Fashion brand Burberry has a mystery investor. That might sound, like, totally exciting, but it’s sadly not the same as having a secret admirer. This is more cloak and daggers than flowers and chocolates (or, indeed, Horseferry check bags with leather trim).
Investment managers in the UK are required to disclose any holding greater than 5% in a public company. Whoever this is, they bought just under 5%. Chief executive and chief creative officer Christopher Bailey must be concerned. According to the FT, Burberry asked HSBC, which is the custodian of the holding, for a name but was rebuffed. It’s now asking its own bankers to do some digging.
Why all the secrecy? Well, what will have Bailey worried is the chance that the mystery investor is a dreaded activist, or even a rival or private equity firm planning a full-on hostile takeover - with a market cap of around £6bn, it's now eminently buyable. In either case they’d benefit from being able to sweet talk the other investors without the current management knowing. If they were successful, Bailey’s own position wouldn’t look so good.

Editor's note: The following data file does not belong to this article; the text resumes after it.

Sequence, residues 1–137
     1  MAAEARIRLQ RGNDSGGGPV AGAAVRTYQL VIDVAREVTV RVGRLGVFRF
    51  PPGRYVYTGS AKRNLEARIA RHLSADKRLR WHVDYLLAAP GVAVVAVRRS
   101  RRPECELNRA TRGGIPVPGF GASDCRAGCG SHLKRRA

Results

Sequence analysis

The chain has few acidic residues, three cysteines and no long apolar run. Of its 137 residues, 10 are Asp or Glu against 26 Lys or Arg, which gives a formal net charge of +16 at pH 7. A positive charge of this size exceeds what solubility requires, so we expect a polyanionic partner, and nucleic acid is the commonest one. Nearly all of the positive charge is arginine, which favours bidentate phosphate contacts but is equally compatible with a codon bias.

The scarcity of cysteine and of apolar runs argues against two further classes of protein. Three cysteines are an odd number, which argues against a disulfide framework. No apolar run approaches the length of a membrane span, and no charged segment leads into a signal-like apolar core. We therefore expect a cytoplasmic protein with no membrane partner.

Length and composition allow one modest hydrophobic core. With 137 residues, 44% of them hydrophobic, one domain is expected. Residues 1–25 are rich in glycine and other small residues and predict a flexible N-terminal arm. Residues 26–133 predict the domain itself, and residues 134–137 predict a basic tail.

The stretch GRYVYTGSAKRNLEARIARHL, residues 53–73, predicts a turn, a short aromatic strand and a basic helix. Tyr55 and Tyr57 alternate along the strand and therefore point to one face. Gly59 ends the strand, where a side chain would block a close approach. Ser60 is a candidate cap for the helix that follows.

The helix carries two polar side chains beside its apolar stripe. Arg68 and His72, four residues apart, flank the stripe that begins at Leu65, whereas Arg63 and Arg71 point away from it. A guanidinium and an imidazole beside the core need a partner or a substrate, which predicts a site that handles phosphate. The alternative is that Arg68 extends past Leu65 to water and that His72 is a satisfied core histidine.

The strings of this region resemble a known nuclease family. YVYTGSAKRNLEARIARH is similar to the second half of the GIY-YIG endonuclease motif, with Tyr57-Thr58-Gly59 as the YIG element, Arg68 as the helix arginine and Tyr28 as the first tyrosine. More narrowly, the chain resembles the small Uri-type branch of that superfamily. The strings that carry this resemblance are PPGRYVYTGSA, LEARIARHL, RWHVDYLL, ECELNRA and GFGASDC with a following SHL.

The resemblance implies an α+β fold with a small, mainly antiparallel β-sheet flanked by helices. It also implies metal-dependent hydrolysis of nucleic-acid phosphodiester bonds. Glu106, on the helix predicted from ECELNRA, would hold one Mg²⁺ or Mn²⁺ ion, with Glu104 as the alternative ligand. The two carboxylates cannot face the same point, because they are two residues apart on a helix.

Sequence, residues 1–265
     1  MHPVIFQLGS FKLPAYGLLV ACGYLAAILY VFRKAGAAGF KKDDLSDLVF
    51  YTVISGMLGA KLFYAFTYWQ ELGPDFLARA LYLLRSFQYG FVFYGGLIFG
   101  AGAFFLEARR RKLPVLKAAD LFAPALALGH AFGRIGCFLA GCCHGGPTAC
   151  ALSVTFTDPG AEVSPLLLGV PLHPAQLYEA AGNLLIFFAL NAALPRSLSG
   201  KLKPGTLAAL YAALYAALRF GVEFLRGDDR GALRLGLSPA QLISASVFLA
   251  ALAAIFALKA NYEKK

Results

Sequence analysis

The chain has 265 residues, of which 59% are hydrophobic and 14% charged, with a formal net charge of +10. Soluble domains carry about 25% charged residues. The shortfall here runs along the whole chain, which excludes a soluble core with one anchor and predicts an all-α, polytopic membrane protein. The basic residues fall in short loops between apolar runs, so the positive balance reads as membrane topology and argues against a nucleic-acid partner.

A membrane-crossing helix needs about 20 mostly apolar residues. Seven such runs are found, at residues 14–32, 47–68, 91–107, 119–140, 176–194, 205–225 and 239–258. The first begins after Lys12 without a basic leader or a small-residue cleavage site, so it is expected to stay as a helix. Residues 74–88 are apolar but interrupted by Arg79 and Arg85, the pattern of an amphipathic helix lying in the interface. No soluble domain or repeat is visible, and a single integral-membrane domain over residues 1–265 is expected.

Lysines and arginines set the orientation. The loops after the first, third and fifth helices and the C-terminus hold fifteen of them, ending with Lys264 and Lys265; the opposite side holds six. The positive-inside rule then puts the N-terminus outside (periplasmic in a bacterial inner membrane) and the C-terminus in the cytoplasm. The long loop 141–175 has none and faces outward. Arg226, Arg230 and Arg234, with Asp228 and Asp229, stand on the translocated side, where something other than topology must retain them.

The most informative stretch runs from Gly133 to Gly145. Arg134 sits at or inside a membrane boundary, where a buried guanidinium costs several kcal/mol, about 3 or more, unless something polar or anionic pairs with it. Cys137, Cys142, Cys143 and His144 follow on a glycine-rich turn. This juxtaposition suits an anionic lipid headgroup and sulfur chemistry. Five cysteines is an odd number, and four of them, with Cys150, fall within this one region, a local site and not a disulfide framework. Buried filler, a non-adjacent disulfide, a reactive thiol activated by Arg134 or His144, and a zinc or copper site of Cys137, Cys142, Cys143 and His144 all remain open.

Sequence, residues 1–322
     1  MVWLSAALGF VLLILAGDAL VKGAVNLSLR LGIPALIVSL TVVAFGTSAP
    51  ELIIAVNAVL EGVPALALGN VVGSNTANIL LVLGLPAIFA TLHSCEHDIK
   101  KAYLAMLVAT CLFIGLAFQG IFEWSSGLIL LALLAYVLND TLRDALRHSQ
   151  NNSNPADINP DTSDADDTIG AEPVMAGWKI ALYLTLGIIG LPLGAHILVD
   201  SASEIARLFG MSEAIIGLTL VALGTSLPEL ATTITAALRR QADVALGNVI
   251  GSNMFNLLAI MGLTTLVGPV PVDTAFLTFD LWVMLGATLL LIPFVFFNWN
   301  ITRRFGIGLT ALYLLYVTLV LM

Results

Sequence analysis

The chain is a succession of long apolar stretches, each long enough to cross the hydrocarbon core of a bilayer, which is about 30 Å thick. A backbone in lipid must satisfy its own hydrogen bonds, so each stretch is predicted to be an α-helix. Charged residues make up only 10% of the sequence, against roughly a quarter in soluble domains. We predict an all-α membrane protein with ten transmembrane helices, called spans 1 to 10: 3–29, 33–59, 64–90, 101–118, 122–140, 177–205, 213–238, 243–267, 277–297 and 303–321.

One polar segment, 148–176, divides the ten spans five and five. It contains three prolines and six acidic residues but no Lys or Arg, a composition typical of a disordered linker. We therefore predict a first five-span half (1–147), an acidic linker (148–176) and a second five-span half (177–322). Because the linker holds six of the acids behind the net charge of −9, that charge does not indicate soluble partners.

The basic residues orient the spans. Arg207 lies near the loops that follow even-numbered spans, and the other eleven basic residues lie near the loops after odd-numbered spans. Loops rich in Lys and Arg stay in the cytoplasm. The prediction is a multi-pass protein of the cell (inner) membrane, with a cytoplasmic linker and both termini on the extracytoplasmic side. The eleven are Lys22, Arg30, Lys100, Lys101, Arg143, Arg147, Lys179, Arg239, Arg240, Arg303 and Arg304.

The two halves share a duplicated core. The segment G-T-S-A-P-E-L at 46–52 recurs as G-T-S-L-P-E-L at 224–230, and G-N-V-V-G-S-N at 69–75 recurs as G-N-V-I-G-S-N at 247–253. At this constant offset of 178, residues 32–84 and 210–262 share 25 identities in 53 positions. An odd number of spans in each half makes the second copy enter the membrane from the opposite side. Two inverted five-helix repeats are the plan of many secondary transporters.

It’s not entirely surprising. CEOs have short life expectancies these days anyway, and when a company hits a rocky patch it’s natural for investors to look for fresh blood. They won’t be happy that Burberry’s share price fell 28% over the last 12 months (it rose 6% this morning on today’s news, however, to £14.54).
The reason is the slowdown in China which, combined with austere anti-gift-giving rules handed down from the politburo, for some reason dampened demand for cashmere scarves and tartan-lined trench coats. Sales in its crucial Asian markets were down by ‘mid-single digits’ in its third quarter, the firm admitted.
Bailey has responded to this ‘challenging environment’ by launching an efficiency drive but, fairly or unfairly, investors might wonder whether a designer is better placed to cut fabric than costs. He will surely hope that Burberry’s full year results surprise and delight when they are unveiled in May.